2. Stop comparing my situation to others. This is a big thing for me. When it comes to things like weight loss and such, I look at how people do things and think that I can do the exact same thing and get the exact same results. I could do that if I had the exact same body, which I do not. Everyoneís journey is their own personal, unique thing and no oneís will be exactly the same. I have to worry about my own situation, limitations and ability and work with what I have.
3. To realize 100% that I am a HUMAN, not a bionic cyborg. I have this mindset to where I can do anything that I want to do because itís ďmy life and no one controls me and my destinyĒ. Problem is, with Lupus, you are not always in control. When I get sick, I act like itís no big deal and I donít give myself time to recover. I jump back into whatever I was doing (which usually ends up to be pretty bad in the long run). I have to realize that I only have 1 body and 1 life and I must take care of it. If Iím sick, I need to slow down. Thereís nothing wrong with a challenge every now and then, but I need to do a better job at listening to my body instead of thinking itís a ďsign of weaknessĒ.
4. To stop worrying about what other people may think about my disease. When it comes to me being sick around other people, as I stated before, I always act like itís not a big deal. Lupus is a very big deal. It affects a lot of healthy tissues, joints and organs for basically no reason at all. A lot of the time, I hide the fact that Iím sick because itís so difficult to explain it to people and have them understand. You canít visibly ďseeĒ whatís going on with me. It takes a ton of blood work, cat scans, MRIs, biopsies, and other tests to figure out whatís wrong with me most of the time. Itís not like I can turn my body inside out and let you view the damage that my disease has caused so far. Whenever I say anything dealing with my pain, such as chronic fatigue, arthritis, or random muscle pain, the first thing people think Iím doing is complaining and think that Iím ďtoo young to experience those kind of aches and painsĒ. Please know that diseases do not have age limits, do your research people. You know how awkward it is to tell my friends that I canít hang out at the mall with them because my arthritis is flaring up? It makes me sound like an old woman!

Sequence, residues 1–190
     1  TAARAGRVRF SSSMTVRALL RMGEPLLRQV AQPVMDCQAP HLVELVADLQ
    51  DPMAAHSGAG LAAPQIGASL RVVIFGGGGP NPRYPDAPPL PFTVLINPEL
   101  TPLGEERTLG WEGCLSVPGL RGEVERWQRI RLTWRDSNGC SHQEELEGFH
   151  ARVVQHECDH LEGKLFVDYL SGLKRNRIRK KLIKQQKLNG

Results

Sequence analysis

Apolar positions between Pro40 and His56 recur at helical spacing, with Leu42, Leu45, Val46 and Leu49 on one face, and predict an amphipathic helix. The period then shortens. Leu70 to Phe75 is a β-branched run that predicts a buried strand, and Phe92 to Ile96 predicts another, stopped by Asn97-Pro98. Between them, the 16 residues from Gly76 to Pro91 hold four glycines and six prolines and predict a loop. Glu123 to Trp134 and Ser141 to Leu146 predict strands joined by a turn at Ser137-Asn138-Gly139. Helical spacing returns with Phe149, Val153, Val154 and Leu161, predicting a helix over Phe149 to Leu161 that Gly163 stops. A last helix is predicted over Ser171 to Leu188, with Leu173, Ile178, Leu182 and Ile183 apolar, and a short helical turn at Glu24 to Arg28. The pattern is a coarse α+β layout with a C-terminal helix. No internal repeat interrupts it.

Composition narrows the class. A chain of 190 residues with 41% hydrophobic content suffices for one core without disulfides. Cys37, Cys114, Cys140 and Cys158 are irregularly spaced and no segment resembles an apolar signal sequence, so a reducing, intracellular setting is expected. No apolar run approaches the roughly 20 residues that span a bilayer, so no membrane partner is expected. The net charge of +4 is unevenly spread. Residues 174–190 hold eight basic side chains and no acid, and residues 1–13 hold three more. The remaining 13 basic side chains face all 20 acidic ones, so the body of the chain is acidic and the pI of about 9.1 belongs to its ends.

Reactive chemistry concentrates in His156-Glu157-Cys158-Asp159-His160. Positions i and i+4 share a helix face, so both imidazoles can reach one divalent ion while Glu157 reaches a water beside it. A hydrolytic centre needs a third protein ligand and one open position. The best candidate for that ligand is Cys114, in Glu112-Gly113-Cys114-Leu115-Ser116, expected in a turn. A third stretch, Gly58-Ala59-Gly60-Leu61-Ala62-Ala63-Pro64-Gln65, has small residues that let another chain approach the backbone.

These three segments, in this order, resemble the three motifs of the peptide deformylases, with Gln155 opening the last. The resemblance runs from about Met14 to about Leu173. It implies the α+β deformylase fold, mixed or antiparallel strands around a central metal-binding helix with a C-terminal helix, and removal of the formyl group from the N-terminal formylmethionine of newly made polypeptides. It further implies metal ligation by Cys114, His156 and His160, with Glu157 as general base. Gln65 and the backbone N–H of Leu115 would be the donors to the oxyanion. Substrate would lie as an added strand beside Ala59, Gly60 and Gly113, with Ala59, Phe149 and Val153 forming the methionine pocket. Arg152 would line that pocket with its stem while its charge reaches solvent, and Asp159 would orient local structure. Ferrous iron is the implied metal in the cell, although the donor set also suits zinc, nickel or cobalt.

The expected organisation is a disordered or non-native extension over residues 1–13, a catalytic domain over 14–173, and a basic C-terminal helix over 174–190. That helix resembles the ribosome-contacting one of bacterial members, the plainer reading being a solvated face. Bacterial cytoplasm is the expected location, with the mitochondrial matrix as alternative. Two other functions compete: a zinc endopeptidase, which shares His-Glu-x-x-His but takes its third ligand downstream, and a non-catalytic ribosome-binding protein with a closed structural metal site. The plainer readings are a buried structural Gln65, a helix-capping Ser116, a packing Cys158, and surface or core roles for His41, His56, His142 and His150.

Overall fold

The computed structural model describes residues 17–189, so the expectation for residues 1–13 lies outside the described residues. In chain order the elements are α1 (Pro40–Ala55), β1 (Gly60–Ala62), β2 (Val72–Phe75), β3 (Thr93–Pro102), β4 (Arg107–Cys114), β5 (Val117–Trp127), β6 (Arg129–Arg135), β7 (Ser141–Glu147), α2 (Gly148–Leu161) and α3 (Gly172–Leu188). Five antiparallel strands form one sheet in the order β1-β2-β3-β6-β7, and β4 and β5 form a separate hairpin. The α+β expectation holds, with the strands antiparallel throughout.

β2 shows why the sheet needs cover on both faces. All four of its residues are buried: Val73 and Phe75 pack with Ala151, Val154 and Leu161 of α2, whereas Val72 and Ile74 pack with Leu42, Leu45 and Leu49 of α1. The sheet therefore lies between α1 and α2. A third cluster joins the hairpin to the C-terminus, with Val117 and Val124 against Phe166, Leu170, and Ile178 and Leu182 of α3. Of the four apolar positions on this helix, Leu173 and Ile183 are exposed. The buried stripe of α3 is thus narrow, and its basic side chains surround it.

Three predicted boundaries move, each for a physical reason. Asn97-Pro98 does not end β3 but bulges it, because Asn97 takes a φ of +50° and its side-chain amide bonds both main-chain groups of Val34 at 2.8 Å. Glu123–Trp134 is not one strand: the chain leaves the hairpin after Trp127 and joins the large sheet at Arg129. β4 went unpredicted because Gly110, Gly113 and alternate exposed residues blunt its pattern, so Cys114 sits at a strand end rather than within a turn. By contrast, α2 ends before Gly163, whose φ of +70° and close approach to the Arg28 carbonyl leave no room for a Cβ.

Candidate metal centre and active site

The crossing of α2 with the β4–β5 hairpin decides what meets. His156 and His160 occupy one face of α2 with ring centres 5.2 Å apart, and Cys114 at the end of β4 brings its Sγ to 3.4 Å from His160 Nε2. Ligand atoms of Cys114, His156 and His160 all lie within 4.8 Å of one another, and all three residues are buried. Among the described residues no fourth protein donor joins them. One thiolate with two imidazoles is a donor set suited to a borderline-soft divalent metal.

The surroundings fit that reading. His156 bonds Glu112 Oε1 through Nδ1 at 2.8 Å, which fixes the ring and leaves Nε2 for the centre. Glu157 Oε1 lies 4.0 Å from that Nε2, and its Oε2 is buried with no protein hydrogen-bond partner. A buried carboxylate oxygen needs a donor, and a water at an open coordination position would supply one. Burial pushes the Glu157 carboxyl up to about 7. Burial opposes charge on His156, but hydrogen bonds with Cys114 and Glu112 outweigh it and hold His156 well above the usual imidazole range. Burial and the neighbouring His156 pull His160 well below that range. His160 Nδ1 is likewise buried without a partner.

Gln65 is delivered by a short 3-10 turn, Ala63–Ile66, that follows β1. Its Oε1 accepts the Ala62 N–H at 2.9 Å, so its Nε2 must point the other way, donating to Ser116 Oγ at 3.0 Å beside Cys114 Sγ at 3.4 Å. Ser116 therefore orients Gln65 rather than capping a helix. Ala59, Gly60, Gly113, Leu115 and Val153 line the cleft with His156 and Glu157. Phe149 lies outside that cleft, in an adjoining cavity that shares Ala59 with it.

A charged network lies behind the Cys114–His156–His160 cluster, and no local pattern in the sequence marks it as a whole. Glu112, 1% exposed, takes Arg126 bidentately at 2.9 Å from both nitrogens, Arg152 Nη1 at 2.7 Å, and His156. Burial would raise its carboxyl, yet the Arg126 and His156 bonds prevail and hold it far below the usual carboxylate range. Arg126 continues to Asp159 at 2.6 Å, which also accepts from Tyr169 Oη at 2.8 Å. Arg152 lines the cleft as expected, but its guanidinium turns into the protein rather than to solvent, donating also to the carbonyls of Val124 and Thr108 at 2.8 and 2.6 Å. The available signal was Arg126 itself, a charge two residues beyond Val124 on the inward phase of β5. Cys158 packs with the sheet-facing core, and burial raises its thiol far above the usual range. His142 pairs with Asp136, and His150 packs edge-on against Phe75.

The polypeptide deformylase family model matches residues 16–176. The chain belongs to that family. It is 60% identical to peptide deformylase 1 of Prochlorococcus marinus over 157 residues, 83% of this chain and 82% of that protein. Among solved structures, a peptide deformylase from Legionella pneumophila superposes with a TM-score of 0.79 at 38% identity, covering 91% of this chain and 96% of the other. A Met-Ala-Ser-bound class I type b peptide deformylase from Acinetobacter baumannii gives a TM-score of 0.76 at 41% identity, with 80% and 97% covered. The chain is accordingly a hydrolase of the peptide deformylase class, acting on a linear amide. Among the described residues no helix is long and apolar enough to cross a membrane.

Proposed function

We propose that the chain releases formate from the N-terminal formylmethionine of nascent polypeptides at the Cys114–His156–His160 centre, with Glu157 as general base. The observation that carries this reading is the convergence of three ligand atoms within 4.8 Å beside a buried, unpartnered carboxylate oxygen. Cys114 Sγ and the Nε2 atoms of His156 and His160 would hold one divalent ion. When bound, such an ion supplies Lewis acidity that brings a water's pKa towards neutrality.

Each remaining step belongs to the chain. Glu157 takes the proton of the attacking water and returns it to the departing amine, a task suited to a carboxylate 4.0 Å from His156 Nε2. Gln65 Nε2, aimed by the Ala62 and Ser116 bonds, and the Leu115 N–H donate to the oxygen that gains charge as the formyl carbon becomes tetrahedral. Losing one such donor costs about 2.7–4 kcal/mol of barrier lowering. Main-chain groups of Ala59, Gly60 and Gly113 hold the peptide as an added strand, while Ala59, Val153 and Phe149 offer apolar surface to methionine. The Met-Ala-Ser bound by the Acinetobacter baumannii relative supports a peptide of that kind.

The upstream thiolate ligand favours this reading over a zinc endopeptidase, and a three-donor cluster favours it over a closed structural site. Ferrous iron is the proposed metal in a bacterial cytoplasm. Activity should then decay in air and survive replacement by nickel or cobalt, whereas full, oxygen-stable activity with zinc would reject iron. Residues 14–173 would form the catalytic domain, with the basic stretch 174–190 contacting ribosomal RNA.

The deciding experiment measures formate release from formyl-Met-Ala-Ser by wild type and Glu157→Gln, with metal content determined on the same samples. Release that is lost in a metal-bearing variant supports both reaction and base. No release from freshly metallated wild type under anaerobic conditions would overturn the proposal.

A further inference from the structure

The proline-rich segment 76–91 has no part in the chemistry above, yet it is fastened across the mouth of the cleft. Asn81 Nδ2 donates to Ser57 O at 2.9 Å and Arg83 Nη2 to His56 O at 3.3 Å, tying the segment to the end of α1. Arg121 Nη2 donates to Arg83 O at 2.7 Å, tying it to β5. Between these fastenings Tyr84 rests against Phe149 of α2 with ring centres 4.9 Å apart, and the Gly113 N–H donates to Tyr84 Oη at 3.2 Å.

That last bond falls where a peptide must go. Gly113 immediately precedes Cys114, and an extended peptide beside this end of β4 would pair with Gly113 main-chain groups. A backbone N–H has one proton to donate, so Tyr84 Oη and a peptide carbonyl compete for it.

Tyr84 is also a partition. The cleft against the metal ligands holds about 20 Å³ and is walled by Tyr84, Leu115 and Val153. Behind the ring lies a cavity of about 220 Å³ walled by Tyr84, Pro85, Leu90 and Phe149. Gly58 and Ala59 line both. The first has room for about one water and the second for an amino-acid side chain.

5. Lastly, I will accept my life as it is and deal with it accordingly. This is the biggest promise of all for me. April will mark 4 years since Iíve had Lupus. Despite having it this long, Iím still in denial that I have it. I still feel like Iím in the ďwhy meĒ phase. I donít smoke, I donít drink, I donít do anything reckless and out of ALL the people in my family, Iím the only one who has this disease. Itís tough going from the healthy rah rah cheerleader to the sick girl. The hardest part of all is that I actually lost friends because I was sick, simply because I was like the pink elephant in the room. My ex friends felt they couldnít hang out with me because I had so many new limitations and it was ďinterfering with their social circleĒ. There are a lot of different emotions that go on with new diagnosis, especially when you have to go through most of them alone. I think one thing that Iíll definitely be working on is accepting that I am sick. Yes, I have Lupus, but it doesnít define me. Iím still the person that I was before I was sick, if not more bossy, dedicated, and determined. I just need to take every day a step at a time and live life instead of sitting around pondering why or how my life resorted to this. My Lupus isnít going anywhere, so I may as well embrace it, take care of it and move on. I will no longer treat my life like a battlefield, where Iím constantly at war with myself; fighting over what I used to be able to do and trying to force my way backwards. Iíll just continue to move forward, be positive, and live.